Cilla Black, who rose from a job checking coats in a Liverpool nightclub to become Britain’s top female vocalist of the 1960s, died on Saturday at her villa in Estepona, Spain. She was 72.
Her family announced on Facebookthat Ms. Black died of a stroke after falling and hitting her head.
With her sleek red hair, miniskirts and buoyant demeanor, Ms. Black was the Swinging Sixties incarnate, part of a generation of female singers that included Petula Clark and Dusty Springfield. Closely associated with theBeatles — she had more or less been discovered by John Lennon, performed with the group on occasion and had hits with songs by Mr. Lennon and Paul McCartney — she was long regarded as a national treasure in Britain, a working-class girl who made good.
In a statement on Sunday, Mr. McCartney said, “She was a lovely girl who infected everyone with her great spirit,” adding, “From first meeting her as a cloakroom girl at the Cavern in Liverpool to seeing her many times since, she always had a fun-loving dignity that made her a great pleasure to be around.”
In the 1980s and afterward, Ms. Black enjoyed a second career as a host of British television shows. She was named to the Order of the British Empire in 1997.
Known for her big, belting, smoke-edged voice, Ms. Black recorded more than a dozen albums and several dozen singles, including the hits “Anyone Who Had a Heart,” by Burt Bacharach and Hal David; “It’s for You,” by Mr. Lennon and Mr. McCartney; “You’ve Lost That Lovin’ Feeling,” by Phil Spector, Barry Mann and Cynthia Weil; and “Alfie,” by Mr. Bacharach and Mr. David. (Ms. Black sang that song to promote the British release of “Alfie,” the 1966 film starring Michael Caine; Cher sang it on the soundtrack of the American release, and Dionne Warwick had a hit with it in the United States.)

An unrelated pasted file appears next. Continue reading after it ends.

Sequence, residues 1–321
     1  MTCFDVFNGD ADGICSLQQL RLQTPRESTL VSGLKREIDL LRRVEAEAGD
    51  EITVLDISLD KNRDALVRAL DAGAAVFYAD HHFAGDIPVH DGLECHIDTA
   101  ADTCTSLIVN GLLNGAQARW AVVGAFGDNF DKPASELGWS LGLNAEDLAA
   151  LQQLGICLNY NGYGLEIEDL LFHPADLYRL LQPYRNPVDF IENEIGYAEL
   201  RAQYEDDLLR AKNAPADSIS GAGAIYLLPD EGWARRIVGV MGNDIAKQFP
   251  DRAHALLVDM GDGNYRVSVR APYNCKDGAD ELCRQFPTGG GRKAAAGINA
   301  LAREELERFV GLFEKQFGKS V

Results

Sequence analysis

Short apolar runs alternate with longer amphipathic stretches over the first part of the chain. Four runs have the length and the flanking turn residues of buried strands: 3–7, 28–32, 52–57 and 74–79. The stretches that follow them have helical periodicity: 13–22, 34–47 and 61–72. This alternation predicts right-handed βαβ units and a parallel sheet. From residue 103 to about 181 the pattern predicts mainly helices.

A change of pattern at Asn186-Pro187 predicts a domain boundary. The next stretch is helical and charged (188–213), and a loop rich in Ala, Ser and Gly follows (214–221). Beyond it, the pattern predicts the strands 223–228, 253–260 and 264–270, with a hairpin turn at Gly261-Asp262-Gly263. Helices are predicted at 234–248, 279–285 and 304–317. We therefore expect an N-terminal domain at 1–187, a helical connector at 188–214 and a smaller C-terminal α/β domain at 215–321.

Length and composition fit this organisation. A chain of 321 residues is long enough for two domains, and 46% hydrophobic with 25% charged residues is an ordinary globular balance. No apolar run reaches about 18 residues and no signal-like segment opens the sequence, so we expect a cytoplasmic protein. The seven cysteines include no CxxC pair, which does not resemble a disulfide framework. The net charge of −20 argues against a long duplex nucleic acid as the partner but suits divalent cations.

In the United States, Ms. Black was seen on “The Ed Sullivan Show” in 1965 and performed that year at the Persian Room of the Plaza Hotel in New York.
Priscilla Maria Veronica White was born in Liverpool on May 27, 1943.
“My parents didn’t have money, so they gave us names instead,” Ms. Black said in a quotation cited this week in The Independent, the British newspaper.
Hers was a musical family: Her father, a dockworker, played the harmonica; her mother was a devoted amateur singer. As a teenager, she took a secretarial course at a Liverpool technical college but dreamed of a singing career. To that end, she secured the cloakroom job at the Cavern Club, where the Beatles often performed, and began singing at various local night spots.
At the start of her career, she was billed as Swinging Cilla. But after a Liverpool publication erroneously referred to her as Cilla Black, she decided she liked the name and kept it.
After hearing Ms. Black sing in the early ’60s, Mr. Lennon arranged for the Beatles’ manager, Brian Epstein, to listen to her. Mr. Epstein represented her from 1963 until his death in 1967.
Before long Ms. Black was a teenage idol, and by the time the ’60s ended she had become the top-selling British female singer of the decade. She had her own television variety show, “Cilla,” on the BBC from 1968 to 1976.
From the mid-1980s through the early 2000s, Ms. Black was the host of several TV shows, including the game show “Blind Date” and “Surprise Surprise,” in which tricks, pranks and the realization of long-held wishes are visited on unsuspecting members of the public.
Ms. Black’s husband, Bobby Willis, who managed her after Mr. Epstein’s death, died in 1999. Her survivors include three sons, Robert, Ben and Jack. A daughter, Ellen, died in infancy.
Throughout her career, Ms. Black was asked — avidly — whether her close connection to the Beatles extended to romance.
No such luck, she replied, though (like most of the women in Britain) she had once dreamed as much.
“When you saw the Beatles as a kid, your first love was Paul, ’cause he had that lovely baby face,” Ms. Black explained in 2011 on “Never Mind the Buzzcocks,” a British comic panel show about pop music. “And then you went on to John, because he was rugged and very feisty. And then you went on to George, because he was just so lovely. And the last resort was Ringo.”
She added: “But, mind you, have you seen him lately? Who’d have thought that Ringo would turn out the cute one? He used to look like Yasir Arafat.”